First and foremost, we have a very comfy, cozy, loving home and I love it. But like all houses, it’s aged. What looked great 15 years ago maybe doesn’t look so great today. Carpets get worn (and puppies pee on them-oops), paint starts looking shabby, the people that live there just need a change sometimes. It’s just a fact of life that if you own a house, at some point it’s going to need updating. We’ve hit that point in our cozy home. Which room could we knock out first (and quickly?) Not the kitchen, that would take more planning. The bathroom was just redone a couple years ago. A bedroom? No. The kids hate change and ours is fine. That leaves the dining and living rooms but which to do first…
Well there was this wall in the living room…I disliked it. Fake brick, painted the same light blue as the rest of the room. I wouldn’t call it hideous exactly but it was something that needed to go. Let’s redo the Living Room! How hard could be?
Lena: Please note that I am no longer allowed to ask, “Honey, how hard would it be to…”
After we take down that nasty brick paneling we’ll take out the ratty carpet and put down some nice new laminate! We had gone to Lowes for something else entirely and somehow ended up looking at new flooring, which is how the whole renovation thing started. Won’t this room be lovely with those new floors? HGTV makes it look so easy to pull down walls and put down new flooring!
**Please note, Paul is rolling his eyes at me right now… a lot**
Let me tell you a little something about doing any sort of work in our very comfy but older home….it never goes as it should. Ever. The people that lived here before did their own “repairing and updating” and they didn’t exactly do things according to code. Or logic or in any way that makes sense to anyone else on the planet. So if you look at an update and think “Hey, this will only take 2-3 hours, lets do it!”
Change the hours to days and just accept that it’s going to be a while before it’s done.
Lena: “Honey, in a perfect world, how long would it take? Three hours or so? Okay, let’s plan for a week.” Have you ever seen The Money Pit with Tom Hanks? It’s an older movie, 1986. If you have a chance, I recommend it. Every time we start a project here, we feel like Walter.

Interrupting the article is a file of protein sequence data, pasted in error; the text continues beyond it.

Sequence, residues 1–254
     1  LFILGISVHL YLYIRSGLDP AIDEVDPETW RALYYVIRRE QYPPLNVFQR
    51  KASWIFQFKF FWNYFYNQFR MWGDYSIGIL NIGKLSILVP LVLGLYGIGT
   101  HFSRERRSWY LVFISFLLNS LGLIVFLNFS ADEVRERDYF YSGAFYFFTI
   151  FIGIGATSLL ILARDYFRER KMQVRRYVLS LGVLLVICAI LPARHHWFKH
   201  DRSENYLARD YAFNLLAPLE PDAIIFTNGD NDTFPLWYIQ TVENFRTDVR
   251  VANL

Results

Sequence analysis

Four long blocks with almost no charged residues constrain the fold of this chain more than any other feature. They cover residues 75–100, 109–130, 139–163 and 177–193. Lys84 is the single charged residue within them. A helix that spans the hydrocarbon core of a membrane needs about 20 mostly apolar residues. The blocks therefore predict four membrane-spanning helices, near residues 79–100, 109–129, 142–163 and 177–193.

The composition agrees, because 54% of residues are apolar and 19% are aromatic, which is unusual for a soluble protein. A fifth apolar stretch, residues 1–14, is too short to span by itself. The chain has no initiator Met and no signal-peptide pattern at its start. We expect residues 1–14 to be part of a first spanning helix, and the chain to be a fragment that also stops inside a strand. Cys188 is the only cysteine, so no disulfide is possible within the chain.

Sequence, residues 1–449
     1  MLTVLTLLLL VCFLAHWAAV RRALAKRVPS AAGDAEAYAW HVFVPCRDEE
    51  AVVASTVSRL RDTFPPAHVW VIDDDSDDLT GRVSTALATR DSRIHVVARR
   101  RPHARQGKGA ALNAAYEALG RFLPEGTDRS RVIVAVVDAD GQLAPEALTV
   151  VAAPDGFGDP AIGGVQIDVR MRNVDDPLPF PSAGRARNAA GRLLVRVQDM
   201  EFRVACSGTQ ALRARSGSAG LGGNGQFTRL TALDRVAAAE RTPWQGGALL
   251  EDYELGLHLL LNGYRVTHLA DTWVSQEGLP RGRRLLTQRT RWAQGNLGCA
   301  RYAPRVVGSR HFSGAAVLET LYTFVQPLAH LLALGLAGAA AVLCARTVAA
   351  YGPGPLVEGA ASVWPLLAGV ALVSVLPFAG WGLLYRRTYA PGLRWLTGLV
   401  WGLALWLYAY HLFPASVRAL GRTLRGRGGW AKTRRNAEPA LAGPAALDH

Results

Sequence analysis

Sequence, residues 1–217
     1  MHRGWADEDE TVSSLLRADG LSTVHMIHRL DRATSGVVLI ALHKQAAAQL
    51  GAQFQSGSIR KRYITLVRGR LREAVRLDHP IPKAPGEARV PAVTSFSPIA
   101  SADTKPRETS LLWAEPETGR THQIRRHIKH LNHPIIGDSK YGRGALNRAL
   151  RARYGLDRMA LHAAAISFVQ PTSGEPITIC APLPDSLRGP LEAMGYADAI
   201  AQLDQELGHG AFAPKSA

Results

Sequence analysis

Now left on my own, I would give up and never change anything ever again. But we have a secret weapon: Paul. Remember him?
If he starts a project it will be done. It will be done, well, according to code and NOW. All previous
fuck ups work will be fixed and the replacements will be perfect.
So with this in mind one fateful Saturday Lena, Paul and I decided to pull off that icky brick wall. Just a little of it, like one panel, to see what we would be in for and what was behind the paneling. Except that we quickly discovered that it wasn’t paneling at all. No, the phychos that lived here before used real mortar to put bricks on plaster. There was actually a real brick wall in our living room. What the literal fuck people before us? Why would you do something like that??
And this is where our differences come in. I wanted to throw my hands in the air, somehow glue the brick we had just pulled off back onto the wall and forget that this regrettable thing had ever happened. Just move on. Who needs nice looking walls? The crappy wall was doing it’s job, keeping the roof up. Lets just put this behind us and go have some lo mein (food fixes everything.)
But Paul, being the person he is said no, we carry on. So he went out to his magic garage and came back with screwdrivers, hammers, chisels and his measuring tape. By 1am, with the three of us working together, that brick wall was almost history. There was one last row of bricks but we had been at it for hours, we were tired, hot, dirty and still really pissed at the people who put a fricking brick wall in our living room. It was time to turn in. The next day would go by in a blur of trips to Lowes and sheet rock.
**Actual pictures of day one of The Wall Project **
I call this one “Oh God, it’s really not a panel!”
Later that night…